It is also worth noting here that Teal is a colour in various shades that lots of people can wear as it is a complementary colour to many different skin tones.

Value contrast

Colour Value is very different to Colour Contrast.

Using a standard value scale 1 is black 10 is white, we are assessing here the contrast between our lightest and our darkest features and working out a value.

Look at the colour scale and identify colours that are similar in Shade and Tint to the colours of your own features. How far apart are your features?

Pick your darkest feature is it your eyes, lips or hair and your lightest feature it maybe a highlight in your hair or the undertone of your skin, the whites of your eyes or teeth and find a point on the scale for both. This is the scale of contrast of colours in your features. This is the contrast level that you can repeat in your clothing colours and it is advisable not to go beyond them otherwise they are outside what is comfortable for you.

Count up how many marks of contrast you have – the wider the contrast in colours the more colours you will be able to wear.

  • You will be low value contrast difference if you have only moved 3 points on the scale.

  • medium value Contrast is 3-6 points.

  • high value contrast > 6points.

So for example;

  • So a high contrast person should wear high contrast coloured clothes to help mirror the contrast in the features.

  • A low contrast person should wear low contrast clothes so that the features or not overwhelmed. So compare light with light or dark with dark choosing analogous colours can also blend in here too.

  • A medium contrast person can work with contrast more freely wearing both higher and lower contrasts, so will need to experiment on what looks best for their colouring.

Undertone

Just to add a little more science into the mix all of these colours can be split into two main groups of undertone, Warm colours and Cool colours. Warm colours include some shade of yellow in them cool colours have undertones of blue. You are usually either going to look best in warm colours or cool colours, I say usually because there are some people that will fit into either group.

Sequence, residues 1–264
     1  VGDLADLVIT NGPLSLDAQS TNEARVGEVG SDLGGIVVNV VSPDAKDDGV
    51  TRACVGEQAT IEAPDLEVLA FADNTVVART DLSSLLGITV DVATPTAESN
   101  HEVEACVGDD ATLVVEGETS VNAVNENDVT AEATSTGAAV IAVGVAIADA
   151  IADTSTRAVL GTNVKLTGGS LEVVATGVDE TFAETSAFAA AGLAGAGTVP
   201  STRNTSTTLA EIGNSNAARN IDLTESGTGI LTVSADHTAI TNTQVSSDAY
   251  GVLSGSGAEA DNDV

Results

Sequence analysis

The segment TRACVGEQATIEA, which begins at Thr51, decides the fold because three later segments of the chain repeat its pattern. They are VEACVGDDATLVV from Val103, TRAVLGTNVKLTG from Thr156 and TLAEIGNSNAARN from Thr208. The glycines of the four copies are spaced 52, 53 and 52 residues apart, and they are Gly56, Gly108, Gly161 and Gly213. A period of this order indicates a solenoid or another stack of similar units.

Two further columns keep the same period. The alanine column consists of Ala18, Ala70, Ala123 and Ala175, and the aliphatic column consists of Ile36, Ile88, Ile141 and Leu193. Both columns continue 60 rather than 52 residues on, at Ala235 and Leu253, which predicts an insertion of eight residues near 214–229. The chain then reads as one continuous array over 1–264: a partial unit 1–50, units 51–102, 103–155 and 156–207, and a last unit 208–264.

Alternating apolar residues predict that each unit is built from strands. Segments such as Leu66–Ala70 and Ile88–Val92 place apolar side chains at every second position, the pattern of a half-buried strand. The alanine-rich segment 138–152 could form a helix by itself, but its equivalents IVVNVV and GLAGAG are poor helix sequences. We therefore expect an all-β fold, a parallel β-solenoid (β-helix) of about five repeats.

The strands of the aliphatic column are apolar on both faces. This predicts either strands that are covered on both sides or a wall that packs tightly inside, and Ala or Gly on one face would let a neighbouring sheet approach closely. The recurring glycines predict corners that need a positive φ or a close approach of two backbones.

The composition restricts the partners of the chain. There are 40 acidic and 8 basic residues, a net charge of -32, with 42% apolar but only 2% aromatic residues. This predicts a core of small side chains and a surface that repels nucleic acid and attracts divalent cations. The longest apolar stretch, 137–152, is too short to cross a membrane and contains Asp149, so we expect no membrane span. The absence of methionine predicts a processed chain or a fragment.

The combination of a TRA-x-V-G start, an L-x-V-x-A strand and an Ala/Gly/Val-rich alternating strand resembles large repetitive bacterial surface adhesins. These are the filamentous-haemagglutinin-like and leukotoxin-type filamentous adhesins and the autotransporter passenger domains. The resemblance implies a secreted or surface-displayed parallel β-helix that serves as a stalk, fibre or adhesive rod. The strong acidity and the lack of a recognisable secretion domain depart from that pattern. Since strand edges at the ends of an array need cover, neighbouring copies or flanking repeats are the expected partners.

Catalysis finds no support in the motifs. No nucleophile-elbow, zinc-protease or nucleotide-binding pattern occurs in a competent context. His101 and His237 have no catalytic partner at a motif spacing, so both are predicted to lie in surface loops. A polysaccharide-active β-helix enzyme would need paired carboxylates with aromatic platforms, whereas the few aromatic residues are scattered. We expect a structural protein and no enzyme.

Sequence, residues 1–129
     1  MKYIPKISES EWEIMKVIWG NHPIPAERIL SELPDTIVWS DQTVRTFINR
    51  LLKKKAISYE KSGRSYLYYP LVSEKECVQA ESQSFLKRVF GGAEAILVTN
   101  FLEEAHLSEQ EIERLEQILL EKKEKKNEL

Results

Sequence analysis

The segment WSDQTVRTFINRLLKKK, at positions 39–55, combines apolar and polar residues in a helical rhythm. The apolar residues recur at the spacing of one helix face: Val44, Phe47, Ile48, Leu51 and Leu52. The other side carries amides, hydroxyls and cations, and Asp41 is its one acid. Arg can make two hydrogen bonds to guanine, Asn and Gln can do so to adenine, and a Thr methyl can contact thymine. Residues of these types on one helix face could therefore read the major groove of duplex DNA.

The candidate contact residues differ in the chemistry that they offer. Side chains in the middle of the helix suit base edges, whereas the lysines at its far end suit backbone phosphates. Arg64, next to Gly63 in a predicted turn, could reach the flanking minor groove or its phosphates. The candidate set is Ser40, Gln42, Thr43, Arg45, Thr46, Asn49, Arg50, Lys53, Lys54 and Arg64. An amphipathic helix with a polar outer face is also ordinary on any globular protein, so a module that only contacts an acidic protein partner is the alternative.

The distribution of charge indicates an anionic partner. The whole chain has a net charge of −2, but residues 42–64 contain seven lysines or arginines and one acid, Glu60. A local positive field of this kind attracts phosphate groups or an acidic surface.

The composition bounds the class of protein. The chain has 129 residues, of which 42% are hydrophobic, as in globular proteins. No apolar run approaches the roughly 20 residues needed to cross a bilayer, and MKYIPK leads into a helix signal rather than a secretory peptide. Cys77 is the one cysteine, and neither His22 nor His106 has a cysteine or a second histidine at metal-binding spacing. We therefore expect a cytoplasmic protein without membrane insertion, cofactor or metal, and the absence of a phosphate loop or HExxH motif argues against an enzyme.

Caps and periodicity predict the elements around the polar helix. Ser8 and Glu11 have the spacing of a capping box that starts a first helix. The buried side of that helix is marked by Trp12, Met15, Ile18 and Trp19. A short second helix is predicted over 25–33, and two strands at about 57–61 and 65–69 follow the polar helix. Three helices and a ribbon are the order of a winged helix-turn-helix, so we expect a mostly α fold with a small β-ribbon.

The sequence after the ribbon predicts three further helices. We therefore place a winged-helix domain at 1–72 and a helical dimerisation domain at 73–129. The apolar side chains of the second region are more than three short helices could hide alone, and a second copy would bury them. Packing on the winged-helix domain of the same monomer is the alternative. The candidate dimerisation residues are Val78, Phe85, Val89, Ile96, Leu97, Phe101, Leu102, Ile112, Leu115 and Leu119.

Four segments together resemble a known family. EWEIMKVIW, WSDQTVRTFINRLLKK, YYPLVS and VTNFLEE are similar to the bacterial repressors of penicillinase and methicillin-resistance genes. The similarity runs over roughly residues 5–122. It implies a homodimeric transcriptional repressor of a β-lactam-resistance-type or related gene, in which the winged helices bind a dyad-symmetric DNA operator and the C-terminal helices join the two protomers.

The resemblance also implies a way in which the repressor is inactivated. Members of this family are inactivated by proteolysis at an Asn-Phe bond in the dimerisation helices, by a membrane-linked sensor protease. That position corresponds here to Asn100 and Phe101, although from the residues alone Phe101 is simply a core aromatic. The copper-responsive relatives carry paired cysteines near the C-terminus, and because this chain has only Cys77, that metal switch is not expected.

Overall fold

The easiest way to decide what colour has what undertone on the colour wheel is to split the colour chart into two halves. Although as you can see there are many shades of green that have yellow in them and there are crimsons with blue in, so it’s not a perfect way to define it but it is a starting point.

To help you choose what undertone will suit you the best here are a few pointers;

  • Have a look at the veins on the inside of your arm what colour are they; blue, green or in between. If they look green then you are seeing the result of viewing your veins through yellower toned skin so you have a warmer skin tone.

  • Hold up anything gold to your face, either jewellery or a piece of card and take note of how it makes you look then do the same with silver. Warmer toned people look better in gold. If you can’t decide then you may be able to wear both.

  • Usually your features can help you, blue or green eyed people are usually cool toned, brown or hazel usually warm toned. Look at the undertones of the hair are they blue for example silver or black or are they yellow for example strawberry blond or red or brown.

You will have to experiment a little with this.

The upshot is that you would mix warm colours with warm colours and cool colours with cool colours as main colours in a design palette.

Choosing your colour scheme

To bring everything together we need some way of harmonising all of your own colours together, as you may have a wide range of colours to choose from by now.

If we harmonise all of the colours together in the capsule wardrobe then it should not matter which item of clothing you pick to wear it is going to work and blend with everything else without having to put in too much thought into it on an everyday basis.

Seasonal Mix – One obvious way to do this is to consider a seasonal mix to help break up colours into groupings.

So we have, Winter, Spring/Summer and Autumn and combining those seasons with colour options Light, Dark, Bright, Dull, Warm and Cool can give you a range of choices. For example, any of these combinations could be viable for any season – although some combinations lean more towards a particular season.